Obama promotes reading in meeting with students

30 Apr 2015 | Author: | No comments yet »

Obama Pushes Reading Through Electronic Books.

President Obama speaks during a live virtual field trip with students from around the country at the Anacostia Library.(Photo: MANDEL NGAN, AFP/Getty Images) WASHINGTON — President Obama unveiled new reading programs and plugged the value of the desire to learn Thursday during a “virtual field trip” for middle school students. President Obama told a group of middle-school students Thursday that he’ll likely go back to his work as a community organizer after leaving the White House. “I’ll still be a pretty young man” after leaving the White House, he added, and will go back to helping people, bringing business into communities that need it.

President Obama announced Thursday that a string of major book publishers have pledged $250 million in donations to help low-income kids access electronic versions of around 10,000 of the most popular titles in children’s literature.Washington (CNN)President Barack Obama visited a public library in Washington’s Anacostia neighborhood, one of the poorest areas in the District, Thursday to announce two new efforts to bolster reading among children in low-income areas.

According to the National Assessment of Educational Progress, 81% of D.C. 4th graders read below grade level — a problem not unique to the nation’s capital. President Barack Obama was to announce the two initiatives Thursday at a Washington library as part of his two-year-old ConnectED program that aims to improve education through digital connectivity.

The president announced his plans to provide educational materials to low-income students in the public library of one of Washington’s poorest neighborhoods, Anacostia. This comes after the President linked some of the racial tension between police officers and communities to education and lack of opportunity Wednesday, saying the society’s responsibility was to rebuild these impoverished communities. The offer of e-books comes as low-income households still lag far behind others in computer ownership, but White House officials said libraries and schools in poor communities are increasing access to the Internet. The president told students that he wanted to be an architect when he was young, and then aspired to be a basketball player, but “I wasn’t that good.” When the president gave a rather long answer to a student’s question about how to beat writer’s block, the boy eventually cut off Mr. Obama told the students that how well they do in life is going to depend on whether they love reading and learning, and whether they know how to find information and use it.

But some critics have pointed out that the e-readers and other electronic devices necessary for reading e-books may not be readily available for all students. The event was moderated by a sixth grader from Salisbury, Maryland, who asked questions submitted by students across the country, some of whom were watching the event on a livestream in their classrooms.

At the same time, Obama will appeal to library directors, local governments and school officials to work together to provide universal access to library cards. Obama spoke about his favorite books growing up — a list that ranged from Hardy Boys mysteries to The Lord of The Rings to The Great Gatsby — and his own writing career as the author of three books. At one point, Obama noted that his presidency will end in less than two years, and that he planned to do some kind of community work during his post-White House years.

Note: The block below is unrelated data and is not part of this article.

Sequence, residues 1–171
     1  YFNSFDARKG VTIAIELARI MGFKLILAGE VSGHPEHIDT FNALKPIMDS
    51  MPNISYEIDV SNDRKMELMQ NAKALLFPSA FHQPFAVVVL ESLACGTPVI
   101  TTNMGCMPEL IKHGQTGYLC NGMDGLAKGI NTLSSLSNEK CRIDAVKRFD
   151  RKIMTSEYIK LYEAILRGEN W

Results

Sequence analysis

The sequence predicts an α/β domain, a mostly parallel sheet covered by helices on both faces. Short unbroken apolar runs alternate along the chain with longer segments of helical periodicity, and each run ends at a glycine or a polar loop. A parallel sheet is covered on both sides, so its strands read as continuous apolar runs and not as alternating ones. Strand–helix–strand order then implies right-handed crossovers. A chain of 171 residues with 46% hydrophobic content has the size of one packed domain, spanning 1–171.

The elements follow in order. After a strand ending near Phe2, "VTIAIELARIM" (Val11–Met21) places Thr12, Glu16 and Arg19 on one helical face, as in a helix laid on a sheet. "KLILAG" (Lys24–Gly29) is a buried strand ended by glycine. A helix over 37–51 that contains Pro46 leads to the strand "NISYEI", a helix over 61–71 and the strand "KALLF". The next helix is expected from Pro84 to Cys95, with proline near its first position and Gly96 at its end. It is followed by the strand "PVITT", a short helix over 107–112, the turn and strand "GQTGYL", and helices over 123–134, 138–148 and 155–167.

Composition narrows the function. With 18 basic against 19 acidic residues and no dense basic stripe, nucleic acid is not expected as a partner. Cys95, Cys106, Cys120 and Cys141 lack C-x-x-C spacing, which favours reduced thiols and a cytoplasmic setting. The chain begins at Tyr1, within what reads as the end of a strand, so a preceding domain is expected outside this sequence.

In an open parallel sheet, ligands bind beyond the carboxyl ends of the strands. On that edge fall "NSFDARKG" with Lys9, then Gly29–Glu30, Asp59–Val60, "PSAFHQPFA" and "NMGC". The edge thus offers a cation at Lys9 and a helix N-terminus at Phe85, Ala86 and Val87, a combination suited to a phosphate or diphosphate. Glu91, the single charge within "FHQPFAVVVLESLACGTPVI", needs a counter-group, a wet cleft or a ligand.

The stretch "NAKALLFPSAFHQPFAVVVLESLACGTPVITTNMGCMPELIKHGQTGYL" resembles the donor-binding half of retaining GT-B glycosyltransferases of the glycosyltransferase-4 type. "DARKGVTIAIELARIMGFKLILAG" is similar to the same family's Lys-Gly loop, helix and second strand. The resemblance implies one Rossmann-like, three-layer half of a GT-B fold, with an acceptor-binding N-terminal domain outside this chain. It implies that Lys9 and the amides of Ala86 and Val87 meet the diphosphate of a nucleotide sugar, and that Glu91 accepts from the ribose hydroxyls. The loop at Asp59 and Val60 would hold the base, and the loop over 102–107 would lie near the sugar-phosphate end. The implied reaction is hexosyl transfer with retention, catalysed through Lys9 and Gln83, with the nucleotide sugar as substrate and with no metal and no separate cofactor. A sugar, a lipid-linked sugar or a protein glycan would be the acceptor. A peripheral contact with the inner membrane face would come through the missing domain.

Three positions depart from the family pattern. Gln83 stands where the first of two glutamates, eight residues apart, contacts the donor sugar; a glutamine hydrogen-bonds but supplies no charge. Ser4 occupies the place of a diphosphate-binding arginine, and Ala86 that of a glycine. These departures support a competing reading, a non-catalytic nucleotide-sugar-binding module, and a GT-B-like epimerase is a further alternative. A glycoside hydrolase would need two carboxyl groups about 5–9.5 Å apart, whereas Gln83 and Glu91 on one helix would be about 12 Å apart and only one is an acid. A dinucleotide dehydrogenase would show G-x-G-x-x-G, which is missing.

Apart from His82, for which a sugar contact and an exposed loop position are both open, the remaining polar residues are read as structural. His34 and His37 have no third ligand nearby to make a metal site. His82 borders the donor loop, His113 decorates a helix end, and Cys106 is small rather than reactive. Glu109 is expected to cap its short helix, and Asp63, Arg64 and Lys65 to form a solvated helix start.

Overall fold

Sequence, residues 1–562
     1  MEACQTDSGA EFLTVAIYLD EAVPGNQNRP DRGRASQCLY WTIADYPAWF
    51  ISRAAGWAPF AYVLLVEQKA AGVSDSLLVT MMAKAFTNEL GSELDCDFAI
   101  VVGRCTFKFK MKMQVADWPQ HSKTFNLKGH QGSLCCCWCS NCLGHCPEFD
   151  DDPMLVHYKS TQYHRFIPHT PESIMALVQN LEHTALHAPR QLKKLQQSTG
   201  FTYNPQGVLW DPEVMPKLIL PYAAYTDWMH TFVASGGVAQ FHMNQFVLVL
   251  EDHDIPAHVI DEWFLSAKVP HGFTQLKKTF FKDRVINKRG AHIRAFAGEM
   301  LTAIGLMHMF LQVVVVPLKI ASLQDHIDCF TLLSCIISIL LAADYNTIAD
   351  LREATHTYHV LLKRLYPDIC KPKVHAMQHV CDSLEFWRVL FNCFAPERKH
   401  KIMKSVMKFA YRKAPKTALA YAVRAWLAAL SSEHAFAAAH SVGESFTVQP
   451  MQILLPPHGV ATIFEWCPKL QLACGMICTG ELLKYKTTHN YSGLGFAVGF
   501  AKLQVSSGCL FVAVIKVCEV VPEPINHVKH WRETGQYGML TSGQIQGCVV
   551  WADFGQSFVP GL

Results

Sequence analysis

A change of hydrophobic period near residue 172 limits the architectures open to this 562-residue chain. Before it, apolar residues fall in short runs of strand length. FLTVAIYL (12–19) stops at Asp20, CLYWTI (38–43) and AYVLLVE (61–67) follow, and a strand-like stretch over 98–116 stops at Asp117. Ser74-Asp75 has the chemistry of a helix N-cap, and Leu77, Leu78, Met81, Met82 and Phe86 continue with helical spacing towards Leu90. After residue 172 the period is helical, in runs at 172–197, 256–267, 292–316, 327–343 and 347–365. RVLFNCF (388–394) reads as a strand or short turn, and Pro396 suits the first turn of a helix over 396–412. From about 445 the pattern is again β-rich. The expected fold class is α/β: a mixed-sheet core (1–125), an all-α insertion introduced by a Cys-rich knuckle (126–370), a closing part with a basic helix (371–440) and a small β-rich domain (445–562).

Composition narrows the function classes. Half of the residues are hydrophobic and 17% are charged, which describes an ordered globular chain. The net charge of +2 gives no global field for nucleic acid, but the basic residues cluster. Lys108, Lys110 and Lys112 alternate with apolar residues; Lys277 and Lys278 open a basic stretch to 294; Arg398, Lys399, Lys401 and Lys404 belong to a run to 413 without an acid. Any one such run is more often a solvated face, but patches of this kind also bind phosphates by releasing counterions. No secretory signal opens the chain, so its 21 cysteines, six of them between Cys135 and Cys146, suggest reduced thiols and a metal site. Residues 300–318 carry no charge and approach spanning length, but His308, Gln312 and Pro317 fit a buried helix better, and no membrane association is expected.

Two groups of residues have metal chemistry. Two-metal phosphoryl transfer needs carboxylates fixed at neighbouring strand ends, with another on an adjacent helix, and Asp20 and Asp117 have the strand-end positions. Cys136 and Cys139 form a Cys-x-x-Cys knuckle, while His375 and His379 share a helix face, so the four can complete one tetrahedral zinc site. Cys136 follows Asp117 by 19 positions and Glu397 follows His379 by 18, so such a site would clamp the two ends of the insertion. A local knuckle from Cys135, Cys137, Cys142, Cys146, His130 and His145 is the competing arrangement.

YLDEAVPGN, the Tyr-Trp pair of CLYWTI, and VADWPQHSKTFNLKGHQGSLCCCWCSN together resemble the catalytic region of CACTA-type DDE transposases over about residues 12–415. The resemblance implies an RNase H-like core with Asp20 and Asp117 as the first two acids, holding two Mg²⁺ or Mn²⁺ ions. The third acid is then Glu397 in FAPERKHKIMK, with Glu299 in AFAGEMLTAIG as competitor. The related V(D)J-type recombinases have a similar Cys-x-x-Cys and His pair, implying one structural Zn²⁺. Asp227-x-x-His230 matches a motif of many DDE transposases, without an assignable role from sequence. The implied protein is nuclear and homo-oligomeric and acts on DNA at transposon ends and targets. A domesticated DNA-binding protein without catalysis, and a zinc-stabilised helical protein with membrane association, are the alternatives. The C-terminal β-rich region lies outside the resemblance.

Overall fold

A US Census Bureau study of computer and Internet use demonstrated that only 62 percent of households with incomes under $25,000 owned a computer, compared to 88 percent of households nationwide. But, he said, “the truth of the matter is we live in a digital age.” Obama said e-books are “easy to carry” and that making them available free of charge to people who don’t have a lot of books or who can’t afford to buy many “can even things out between poor kids and rich kids,” who can afford them.

Zients cited a study that found households in middle-income neighborhoods have 13 books per child, while in low-income neighborhoods that ratio is one book for every 300 children. “By expanding kids’ access to books, we can help foster a love of learning and build the reading skills needed more than ever in the 21st century.” Several major publishers, including Simon & Shuster, Penguin Random House and HarperCollins, will make about 10,000 popular e-books, more than $250 million, available to low income students. The second part of President’s announcement Thursday is the ConnectED Library Challenge, with the goal of putting a library card in every child’s hand to ensure they have access to not only books, but public internet. Obama did not speak on the racial tensions and recent rioting in Baltimore at the event, Zients indicated this initiative is one way the administration is addressing issues in poverty-stricken cities saying “we have to consider what we can do to provide opportunities in every community, not just when they’re on the front page, but every day.” The program will draw on $2 billion in private-sector commitments and funding from the Federal Communications Commission (FCC) for school and library connectivity, which includes $2 billion specifically for Wi-Fi.

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